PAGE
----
The report, Shared Potential, Shared Concerns and Open Questions, states that both Goodlatte-Scott and DSA are “effective in providing catastrophic risk insurance” for stable and growing dairy farms. This means that both proposals offer farmers the option to enroll in margin insurance at various coverage levels. A key difference between the two proposals, however, is that the Dairy Security Act requires a supply management provision called the dairy market stabilization program (DMSP), while Goodlatte-Scott does not.
The way the supply management program works is that it reduces farmers’ milk checks periodically, and unpredictably, requiring farmers to either discard a portion of their milk production in excess of their base or not get paid for the portion of their milk delivered larger than their base.
The Goodlatte-Scott amendment allows milk margin insurance protection without the negative consequences of government-mandated market interventions like supply controls and dairy product purchases. The DSA on the other hand forces the government to limit the amount of milk individual farmers can sell as well as intervene in the marketplace to buy dairy products.
Posted: January 14, 2013 at 4:44 pm
By News Editor
Dairy farmers and businesses can now sign up for the Dairy Business Association’s 8th Annual Expansion Symposium, scheduled for February 19 and 20 in Green Bay. The event will be held at the KI Convention Center and will address the issues and topics that affect Wisconsin’s dairy business.
Trade show displays throughout the symposium will provide vendors and organizations the opportunity to showcase their products and services and allows dairy producers to see the latest industry trends. Throughout the extended hours of exhibit floor period will be hors d’oeuvres, special activities, cocktails and extraordinary prizes.
The first day of the event will include Dr. Martin Regalia, Chief Economist of the U.S. Chamber of Commerce, who will be discussing the current US and world economic situation and the effects the economy will have on businesses and job growth.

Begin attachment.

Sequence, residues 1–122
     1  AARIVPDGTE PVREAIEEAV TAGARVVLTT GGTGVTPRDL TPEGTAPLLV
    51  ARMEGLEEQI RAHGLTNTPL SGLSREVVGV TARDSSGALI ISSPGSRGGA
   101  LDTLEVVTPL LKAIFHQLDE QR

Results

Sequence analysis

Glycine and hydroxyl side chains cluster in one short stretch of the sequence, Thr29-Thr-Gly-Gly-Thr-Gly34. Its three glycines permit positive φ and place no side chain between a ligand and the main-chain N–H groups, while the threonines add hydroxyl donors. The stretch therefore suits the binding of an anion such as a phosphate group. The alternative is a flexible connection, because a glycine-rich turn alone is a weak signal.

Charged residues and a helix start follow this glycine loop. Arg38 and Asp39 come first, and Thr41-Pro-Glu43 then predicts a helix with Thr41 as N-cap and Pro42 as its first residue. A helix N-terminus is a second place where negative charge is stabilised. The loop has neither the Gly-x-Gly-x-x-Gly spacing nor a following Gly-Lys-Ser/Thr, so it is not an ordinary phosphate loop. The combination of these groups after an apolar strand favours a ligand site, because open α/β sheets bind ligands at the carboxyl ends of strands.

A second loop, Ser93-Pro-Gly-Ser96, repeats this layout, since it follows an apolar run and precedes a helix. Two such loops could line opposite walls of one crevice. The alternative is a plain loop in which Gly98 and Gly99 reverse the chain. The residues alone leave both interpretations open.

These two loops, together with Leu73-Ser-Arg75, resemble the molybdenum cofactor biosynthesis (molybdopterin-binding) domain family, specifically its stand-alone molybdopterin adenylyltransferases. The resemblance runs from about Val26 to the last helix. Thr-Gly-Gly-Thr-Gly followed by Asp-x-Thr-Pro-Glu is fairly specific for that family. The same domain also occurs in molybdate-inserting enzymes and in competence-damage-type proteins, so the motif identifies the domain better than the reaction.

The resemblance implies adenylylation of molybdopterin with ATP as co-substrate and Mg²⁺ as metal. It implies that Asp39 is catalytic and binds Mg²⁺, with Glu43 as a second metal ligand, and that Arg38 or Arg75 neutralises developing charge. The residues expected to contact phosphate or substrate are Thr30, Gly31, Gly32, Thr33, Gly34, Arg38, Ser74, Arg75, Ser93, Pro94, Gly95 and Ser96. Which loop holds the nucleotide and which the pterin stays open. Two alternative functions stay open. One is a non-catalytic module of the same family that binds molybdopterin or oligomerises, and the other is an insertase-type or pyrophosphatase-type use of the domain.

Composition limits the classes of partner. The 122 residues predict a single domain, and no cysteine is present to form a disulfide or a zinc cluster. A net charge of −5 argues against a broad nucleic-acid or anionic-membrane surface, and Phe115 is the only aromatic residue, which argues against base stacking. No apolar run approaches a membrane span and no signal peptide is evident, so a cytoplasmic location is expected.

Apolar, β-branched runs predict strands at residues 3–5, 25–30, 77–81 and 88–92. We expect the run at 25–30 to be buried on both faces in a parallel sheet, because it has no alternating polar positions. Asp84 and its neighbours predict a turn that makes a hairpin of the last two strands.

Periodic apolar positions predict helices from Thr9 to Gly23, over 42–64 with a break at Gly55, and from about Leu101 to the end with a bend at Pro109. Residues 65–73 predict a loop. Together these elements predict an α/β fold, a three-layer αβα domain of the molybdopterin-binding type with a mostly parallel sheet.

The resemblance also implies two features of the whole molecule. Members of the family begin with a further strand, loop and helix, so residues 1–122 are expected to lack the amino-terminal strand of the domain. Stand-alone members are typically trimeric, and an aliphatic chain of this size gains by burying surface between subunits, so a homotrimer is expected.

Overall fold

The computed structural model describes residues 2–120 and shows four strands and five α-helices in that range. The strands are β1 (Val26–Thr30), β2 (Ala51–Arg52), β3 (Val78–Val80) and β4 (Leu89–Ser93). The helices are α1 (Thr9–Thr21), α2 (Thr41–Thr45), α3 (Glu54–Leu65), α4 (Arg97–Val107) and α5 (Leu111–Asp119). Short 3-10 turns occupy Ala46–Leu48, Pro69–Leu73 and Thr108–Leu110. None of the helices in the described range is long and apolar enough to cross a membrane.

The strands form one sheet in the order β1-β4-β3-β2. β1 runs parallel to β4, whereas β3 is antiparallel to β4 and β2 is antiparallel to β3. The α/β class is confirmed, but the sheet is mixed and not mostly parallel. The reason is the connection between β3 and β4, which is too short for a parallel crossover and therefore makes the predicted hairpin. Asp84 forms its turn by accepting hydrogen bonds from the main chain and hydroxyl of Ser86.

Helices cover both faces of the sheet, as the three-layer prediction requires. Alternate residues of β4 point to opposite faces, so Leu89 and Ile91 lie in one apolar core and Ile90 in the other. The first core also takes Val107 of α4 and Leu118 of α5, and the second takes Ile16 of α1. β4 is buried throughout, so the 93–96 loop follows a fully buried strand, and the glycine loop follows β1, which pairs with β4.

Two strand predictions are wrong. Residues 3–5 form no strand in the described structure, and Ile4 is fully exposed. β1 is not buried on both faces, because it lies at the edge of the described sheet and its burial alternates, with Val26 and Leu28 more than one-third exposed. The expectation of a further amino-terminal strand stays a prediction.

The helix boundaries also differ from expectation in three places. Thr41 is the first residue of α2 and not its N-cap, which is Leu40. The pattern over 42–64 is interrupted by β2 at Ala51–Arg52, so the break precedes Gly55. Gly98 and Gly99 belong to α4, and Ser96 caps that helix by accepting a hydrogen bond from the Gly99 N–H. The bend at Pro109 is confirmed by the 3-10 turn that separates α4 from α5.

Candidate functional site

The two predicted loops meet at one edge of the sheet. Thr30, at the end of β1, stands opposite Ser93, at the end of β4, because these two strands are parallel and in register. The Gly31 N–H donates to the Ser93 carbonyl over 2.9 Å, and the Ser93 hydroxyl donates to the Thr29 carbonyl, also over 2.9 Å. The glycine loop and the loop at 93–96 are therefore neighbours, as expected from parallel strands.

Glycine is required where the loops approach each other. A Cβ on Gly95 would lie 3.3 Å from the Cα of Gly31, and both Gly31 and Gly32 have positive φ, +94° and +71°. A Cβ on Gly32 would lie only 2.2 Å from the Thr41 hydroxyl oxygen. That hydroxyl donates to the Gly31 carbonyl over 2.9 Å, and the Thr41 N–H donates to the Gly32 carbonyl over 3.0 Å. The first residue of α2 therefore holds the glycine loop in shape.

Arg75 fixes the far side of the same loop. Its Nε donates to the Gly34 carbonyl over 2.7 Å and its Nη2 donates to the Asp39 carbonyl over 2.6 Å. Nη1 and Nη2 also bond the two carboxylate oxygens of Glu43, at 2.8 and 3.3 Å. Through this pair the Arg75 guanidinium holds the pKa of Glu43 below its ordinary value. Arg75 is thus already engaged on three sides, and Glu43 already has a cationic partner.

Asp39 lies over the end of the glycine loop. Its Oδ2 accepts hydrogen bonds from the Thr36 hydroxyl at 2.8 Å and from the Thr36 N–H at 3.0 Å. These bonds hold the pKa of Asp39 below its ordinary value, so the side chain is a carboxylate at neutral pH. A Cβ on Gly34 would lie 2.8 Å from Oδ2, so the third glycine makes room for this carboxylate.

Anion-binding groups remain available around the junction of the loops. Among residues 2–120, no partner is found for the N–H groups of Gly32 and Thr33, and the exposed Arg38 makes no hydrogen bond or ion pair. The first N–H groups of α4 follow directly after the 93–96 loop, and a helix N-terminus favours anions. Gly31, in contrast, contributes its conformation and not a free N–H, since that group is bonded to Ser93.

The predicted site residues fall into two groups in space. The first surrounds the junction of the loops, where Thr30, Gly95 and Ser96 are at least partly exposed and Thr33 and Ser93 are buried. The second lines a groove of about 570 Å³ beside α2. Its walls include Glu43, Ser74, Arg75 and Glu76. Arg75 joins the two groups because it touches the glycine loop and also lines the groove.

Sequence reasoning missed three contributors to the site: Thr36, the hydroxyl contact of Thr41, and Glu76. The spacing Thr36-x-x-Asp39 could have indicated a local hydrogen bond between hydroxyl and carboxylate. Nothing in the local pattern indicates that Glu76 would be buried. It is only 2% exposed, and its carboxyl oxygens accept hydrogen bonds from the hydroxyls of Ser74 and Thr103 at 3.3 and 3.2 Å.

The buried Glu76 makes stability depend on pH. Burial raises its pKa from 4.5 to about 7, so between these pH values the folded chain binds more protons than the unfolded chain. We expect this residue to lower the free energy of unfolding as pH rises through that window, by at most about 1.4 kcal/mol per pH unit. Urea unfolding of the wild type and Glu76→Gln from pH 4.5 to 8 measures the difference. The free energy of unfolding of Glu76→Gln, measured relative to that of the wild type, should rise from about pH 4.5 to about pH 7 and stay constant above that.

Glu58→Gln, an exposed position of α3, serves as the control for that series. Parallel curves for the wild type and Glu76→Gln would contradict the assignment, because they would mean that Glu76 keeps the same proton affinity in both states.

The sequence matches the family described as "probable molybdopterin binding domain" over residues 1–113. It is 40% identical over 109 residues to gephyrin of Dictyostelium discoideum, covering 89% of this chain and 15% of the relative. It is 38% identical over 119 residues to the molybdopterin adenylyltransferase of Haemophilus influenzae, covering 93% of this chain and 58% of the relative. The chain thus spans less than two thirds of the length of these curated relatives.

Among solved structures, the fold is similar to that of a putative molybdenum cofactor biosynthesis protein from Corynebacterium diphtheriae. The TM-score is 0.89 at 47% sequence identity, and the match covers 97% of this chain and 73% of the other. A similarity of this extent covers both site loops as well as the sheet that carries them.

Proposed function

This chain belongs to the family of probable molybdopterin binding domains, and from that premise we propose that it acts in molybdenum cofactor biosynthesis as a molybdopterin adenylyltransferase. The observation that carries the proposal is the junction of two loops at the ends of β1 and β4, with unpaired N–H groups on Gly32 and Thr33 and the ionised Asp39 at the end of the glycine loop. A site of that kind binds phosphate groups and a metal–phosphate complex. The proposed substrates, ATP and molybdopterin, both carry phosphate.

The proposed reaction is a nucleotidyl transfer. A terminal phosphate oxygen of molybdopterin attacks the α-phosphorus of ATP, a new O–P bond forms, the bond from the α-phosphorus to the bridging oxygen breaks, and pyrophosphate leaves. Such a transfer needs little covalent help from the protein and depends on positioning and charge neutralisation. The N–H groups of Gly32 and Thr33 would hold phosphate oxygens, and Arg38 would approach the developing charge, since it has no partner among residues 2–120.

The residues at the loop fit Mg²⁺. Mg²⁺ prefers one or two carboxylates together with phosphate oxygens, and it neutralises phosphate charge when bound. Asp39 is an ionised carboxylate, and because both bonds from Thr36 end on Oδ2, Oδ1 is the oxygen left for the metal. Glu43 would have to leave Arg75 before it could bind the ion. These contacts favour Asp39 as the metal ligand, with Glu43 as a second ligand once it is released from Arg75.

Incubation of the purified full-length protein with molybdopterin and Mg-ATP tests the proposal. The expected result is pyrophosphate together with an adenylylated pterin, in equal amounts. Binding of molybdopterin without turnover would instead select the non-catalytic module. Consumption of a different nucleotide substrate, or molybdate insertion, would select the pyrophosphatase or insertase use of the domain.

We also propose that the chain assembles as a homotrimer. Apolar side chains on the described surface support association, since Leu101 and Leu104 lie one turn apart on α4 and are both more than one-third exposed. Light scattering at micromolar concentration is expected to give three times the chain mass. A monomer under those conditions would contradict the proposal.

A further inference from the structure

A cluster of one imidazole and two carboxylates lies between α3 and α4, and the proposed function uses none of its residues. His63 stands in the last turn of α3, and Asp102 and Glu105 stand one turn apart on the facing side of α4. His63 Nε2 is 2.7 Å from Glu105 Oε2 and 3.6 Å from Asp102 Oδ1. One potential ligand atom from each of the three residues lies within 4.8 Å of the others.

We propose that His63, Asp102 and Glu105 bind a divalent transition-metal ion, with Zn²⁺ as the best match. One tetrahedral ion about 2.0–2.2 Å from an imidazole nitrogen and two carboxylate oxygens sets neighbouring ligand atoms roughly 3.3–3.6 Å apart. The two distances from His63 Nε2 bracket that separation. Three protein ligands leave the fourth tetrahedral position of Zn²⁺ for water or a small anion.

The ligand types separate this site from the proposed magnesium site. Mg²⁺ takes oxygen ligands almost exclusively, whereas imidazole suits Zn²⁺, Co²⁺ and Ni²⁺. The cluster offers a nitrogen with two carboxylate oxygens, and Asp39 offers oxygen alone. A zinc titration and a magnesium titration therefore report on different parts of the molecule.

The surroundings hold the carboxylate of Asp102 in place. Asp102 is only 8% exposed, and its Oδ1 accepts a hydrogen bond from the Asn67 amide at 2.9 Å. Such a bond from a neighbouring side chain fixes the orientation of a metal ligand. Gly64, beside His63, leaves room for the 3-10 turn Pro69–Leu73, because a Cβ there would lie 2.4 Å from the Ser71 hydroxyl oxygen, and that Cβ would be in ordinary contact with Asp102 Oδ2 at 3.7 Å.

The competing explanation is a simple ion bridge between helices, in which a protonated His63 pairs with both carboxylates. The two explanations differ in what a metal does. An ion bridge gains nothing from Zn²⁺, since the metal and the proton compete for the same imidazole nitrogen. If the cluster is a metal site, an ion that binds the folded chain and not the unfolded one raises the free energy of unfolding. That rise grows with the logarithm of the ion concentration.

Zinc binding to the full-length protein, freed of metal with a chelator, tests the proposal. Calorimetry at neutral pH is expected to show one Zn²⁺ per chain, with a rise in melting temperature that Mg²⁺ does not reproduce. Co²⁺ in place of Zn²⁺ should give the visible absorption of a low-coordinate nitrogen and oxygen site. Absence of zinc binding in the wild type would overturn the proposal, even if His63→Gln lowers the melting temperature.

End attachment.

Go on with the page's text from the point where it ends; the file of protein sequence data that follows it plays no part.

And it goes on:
The event will also feature a unique opportunity for attendees within the “Business Enhancement Sessions,” where attendees can choose from different presentations, with topics including new dairy breeding programs, employee behavior issues, and understanding the costs and requirements to dairy operations and dairy related businesses under the new health care law.
On Wednesday, attendees will hear from speakers about animal welfare, cross ventilation barns, approved ideas on protecting town roads, and an inspirational presentation by Dr. Lance Fox, who will share his experiences of climbing Mt. Everest.
The cost to attend the Expansion Symposium is $195 for DBA members and $245 for non-members if registered by February 8.
Officials with the Dairy Business Association (DBA) in Wisconsin say they are “extremely pleased” with the extension because they are opposed to the program that was included in the Senate version of the farm bill passed last year.
“The supply management program was rejected because legislators in Congress realized that if it were passed; this communism style of dairy policy would intrude on dairy markets by controlling the milk supply and artificially creating demand for dairy products at higher prices. Supply management programs have been tried before, been proven to be a mistake and a costly failure. We can’t continue to make the same mistakes,” said Laurie Fischer, Executive Director of the Dairy Business Association. “The removal of the Dairy Security Act from the farm bill extension is a victory for the Nation’s dairy producers.”
DBA worked persistently to educate members of Congress on the harmful impacts limiting milk production advocating for the consideration a milk insurance program instead. DBA had advocated for reforming the dairy safety net programs, but DBA believed the Dairy Security Act would have taken our Nation’s dairy industry in the wrong direction.
“Limiting milk production and paying producers to not produce milk just doesn’t make sense,” added Jerry Meissner, DBA’s President. “In spite of some national dairy groups advising legislators that all farmers were in favor of supply management, it simply is not the truth. Farmers from across the nation are not in favor of this provision.”
Posted: December 13, 2012 at 1:35 pm
By News Editor
Congratulations to Ocooch Dairy and the Mlsna family who have been named the Dairy Business Association’s Advocates of the Year Award. This award was sponsored by Vita Plus. Father Jim, with his daughters Jacqui Davison and Stacy Sosinsky and sons Peter, Thomas and Tony will be recognized for their efforts in advocating for the dairy industry.